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Private 3/11796 William Maxwell. Served in the Durham Light Infantry. He was transferred to the Labour Corps (309496)  He fell on March 25 1918

 

 

The Labour Corps
During World War I, the initial need for labour units during WWI had been achieved with some 38 Labour Battalions established in 18 different infantry regiments, and a large number of Labour Companies from other infantry regiments. In addition there were a good number of Labour Companies in the Royal Engineers and the Army Service Corps.
The Labour Corps, initially a non-combatant organisation, was formed in Apr 1917 absorbing the earlier infantry labour battalions (each as two labour companies) and labour companies from the RE and ASC. The Labour Companies of the Labour Corps carried out a whole range of defence works duties in the UK and in overseas theatres, especially in France and Flanders. These included road and railway building/repair, moving ammunition and stores, load and unloading ships and trains, burial duties and at home agriculture and forestry.
When the Labour Corps was formed in mid-1917 it was decided that the men assigned to it from other regiments, often because of their reduced medical category, should change from their regimental badges to that of the General Service Corps. Many of the men disliked having to wear this badge and preferred to retain their regimental identity. Towards the end of 1918 the Labour Corps was granted their own badge - the piled pick, rifle and shovel emblem that was to become the badge of the Pioneer Corps, later Royal Pioneer Corps of World War II. Once it had been created, the Labour Corps was split into various Labour Groups, each consisting of a Headquarters and several Labour Companies. In addition there were Area Employment Companies, Area Employment (Artisan) Companies, Divisional Employment Companies, and Agricultural Companies.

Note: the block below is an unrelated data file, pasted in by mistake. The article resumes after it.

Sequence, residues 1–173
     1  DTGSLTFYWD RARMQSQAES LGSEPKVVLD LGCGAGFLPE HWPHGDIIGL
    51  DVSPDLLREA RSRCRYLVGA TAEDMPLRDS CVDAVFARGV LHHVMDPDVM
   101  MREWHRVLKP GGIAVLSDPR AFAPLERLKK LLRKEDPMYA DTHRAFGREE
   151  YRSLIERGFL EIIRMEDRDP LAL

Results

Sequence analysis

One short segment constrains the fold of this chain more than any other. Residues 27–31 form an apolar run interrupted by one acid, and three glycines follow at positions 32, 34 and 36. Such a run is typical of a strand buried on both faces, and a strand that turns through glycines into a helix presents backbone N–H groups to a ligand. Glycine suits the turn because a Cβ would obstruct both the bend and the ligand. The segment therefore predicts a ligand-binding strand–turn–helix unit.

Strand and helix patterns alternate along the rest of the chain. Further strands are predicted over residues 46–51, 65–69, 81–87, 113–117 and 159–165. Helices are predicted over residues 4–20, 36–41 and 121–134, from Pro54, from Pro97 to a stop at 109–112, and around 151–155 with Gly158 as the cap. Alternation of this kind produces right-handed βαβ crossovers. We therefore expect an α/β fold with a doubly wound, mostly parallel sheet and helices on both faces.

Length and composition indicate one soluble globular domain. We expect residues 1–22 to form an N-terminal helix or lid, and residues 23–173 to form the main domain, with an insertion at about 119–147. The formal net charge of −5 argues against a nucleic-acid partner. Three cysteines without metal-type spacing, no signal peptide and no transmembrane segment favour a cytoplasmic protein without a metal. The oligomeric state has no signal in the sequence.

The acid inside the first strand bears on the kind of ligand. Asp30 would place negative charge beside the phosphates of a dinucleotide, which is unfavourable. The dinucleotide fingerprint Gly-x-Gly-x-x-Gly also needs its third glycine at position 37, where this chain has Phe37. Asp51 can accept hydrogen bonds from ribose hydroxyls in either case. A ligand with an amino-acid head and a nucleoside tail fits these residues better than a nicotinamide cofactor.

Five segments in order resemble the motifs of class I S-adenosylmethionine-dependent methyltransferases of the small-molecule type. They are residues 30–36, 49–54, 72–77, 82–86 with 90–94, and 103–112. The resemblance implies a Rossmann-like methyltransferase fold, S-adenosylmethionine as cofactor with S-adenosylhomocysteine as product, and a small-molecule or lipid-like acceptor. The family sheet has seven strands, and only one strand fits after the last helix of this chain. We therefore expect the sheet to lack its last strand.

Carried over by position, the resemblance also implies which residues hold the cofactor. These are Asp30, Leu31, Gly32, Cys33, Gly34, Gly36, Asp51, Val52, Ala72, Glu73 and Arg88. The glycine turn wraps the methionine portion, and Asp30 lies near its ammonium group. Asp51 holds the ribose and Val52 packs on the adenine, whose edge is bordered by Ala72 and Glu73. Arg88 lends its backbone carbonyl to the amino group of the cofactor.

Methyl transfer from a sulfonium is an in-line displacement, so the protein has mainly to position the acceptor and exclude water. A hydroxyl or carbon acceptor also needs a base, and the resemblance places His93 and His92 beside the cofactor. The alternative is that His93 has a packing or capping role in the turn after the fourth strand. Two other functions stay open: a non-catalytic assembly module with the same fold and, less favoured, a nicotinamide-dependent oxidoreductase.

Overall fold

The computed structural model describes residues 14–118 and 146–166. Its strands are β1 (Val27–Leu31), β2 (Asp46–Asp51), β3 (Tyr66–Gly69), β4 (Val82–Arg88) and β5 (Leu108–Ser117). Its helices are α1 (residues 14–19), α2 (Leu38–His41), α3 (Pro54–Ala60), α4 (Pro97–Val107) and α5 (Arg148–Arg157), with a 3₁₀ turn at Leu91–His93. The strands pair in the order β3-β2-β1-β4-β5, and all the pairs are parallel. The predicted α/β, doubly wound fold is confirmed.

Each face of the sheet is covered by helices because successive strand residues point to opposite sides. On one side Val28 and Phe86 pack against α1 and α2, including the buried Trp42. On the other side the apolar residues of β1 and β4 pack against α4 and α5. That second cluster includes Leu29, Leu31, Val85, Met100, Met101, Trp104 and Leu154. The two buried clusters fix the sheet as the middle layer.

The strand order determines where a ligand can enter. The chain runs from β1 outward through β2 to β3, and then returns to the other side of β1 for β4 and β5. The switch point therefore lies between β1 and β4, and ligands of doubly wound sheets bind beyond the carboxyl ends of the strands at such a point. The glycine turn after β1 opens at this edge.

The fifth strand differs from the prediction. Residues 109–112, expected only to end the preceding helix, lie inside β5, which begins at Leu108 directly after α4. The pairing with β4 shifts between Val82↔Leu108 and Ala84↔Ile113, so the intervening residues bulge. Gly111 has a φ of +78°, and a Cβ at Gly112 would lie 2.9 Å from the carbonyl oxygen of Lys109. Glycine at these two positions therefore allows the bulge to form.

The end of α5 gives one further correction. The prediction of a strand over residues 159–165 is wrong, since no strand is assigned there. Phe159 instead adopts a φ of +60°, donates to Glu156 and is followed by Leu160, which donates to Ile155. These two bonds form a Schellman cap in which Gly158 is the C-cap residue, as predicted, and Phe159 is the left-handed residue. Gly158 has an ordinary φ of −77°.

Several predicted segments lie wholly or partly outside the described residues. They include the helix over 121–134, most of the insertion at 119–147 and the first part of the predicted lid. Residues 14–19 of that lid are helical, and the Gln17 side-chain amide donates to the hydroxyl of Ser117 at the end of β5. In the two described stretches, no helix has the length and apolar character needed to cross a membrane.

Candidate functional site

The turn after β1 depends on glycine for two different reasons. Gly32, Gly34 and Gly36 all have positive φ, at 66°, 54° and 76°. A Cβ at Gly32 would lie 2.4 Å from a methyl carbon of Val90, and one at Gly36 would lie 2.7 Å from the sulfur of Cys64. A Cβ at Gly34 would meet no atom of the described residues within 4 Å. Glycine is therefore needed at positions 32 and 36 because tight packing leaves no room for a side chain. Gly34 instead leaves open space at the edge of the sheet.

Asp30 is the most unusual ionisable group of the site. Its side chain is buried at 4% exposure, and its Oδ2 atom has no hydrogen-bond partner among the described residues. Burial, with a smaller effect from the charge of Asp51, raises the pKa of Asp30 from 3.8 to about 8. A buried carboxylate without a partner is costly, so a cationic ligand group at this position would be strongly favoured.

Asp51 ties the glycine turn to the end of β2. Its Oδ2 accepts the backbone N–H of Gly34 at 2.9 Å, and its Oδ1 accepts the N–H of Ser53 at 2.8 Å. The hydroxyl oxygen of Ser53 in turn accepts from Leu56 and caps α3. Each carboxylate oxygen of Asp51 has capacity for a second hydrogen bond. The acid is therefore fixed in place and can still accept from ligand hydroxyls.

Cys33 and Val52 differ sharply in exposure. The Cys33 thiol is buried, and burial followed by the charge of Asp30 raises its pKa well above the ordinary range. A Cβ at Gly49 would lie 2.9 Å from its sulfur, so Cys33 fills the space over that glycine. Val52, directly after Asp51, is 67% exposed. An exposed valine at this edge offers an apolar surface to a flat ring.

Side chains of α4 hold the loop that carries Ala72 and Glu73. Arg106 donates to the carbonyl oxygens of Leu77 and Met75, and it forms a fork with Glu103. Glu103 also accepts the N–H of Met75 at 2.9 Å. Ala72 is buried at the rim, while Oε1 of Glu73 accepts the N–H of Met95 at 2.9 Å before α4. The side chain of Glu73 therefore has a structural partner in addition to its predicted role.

By the end of the war the Labour Corps had strength of about 380,000 men stationed in the UK, in France and Flanders, Italy, Egypt and Salonika. In fact the size of the Corps reached its greatest of almost 400,000 in Jan 1919. This included about 240 Labour Companies in France and Flanders, with about thirty to fifty Labour Companies allocated to each of the First, Second, Third, Fourth and Fifth Armies, with a few kept aside as Lines of Communication units. There were about the same number of companies serving elsewhere overseas at Area, Divisional, Corps and Army level as well as some 400 or so companies working in the UK. In late 1918 and early 1919 there were Labour Companies numbered from 1 to over 1,000, with little evidence of their origin.
When the war ended in Nov 1918, the Labour Corps continued their support role and were also involved in salvage work, grave and burial registration and as PW guards.
The Labour Corps was disbanded late in 1919.
Photograph above: Pioneers of the 11/Liverpool enjoying an alfresco meal in exposed conditions near Ypres in December 1917

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